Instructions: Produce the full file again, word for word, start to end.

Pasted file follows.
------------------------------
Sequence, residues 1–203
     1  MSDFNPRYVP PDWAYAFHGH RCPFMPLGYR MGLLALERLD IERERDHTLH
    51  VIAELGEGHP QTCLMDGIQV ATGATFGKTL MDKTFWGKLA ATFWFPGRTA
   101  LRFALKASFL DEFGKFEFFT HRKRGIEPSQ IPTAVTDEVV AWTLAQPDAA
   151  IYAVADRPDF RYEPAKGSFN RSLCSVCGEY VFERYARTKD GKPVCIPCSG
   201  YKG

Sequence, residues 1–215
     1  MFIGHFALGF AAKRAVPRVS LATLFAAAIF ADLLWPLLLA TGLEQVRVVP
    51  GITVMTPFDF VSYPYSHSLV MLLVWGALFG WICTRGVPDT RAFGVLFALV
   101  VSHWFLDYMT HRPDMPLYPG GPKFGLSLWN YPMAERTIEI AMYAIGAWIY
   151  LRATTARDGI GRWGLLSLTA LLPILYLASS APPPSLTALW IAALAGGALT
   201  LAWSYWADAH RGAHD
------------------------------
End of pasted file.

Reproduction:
Sequence, residues 1–203
     1  MSDFNPRYVP PDWAYAFHGH RCPFMPLGYR MGLLALERLD IERERDHTLH
    51  VIAELGEGHP QTCLMDGIQV ATGATFGKTL MDKTFWGKLA ATFWFPGRTA
   101  LRFALKASFL DEFGKFEFFT HRKRGIEPSQ IPTAVTDEVV AWTLAQPDAA
   151  IYAVADRPDF RYEPAKGSFN RSLCSVCGEY VFERYARTKD GKPVCIPCSG
   201  YKG

Sequence, residues 1–215
     1  MFIGHFALGF AAKRAVPRVS LATLFAAAIF ADLLWPLLLA TGLEQVRVVP
    51  GITVMTPFDF VSYPYSHSLV MLLVWGALFG WICTRGVPDT RAFGVLFALV
   101  VSHWFLDYMT HRPDMPLYPG GPKFGLSLWN YPMAERTIEI AMYAIGAWIY
   151  LRATTARDGI GRWGLLSLTA LLPILYLASS APPPSLTALW IAALAGGALT
   201  LAWSYWADAH RGAHD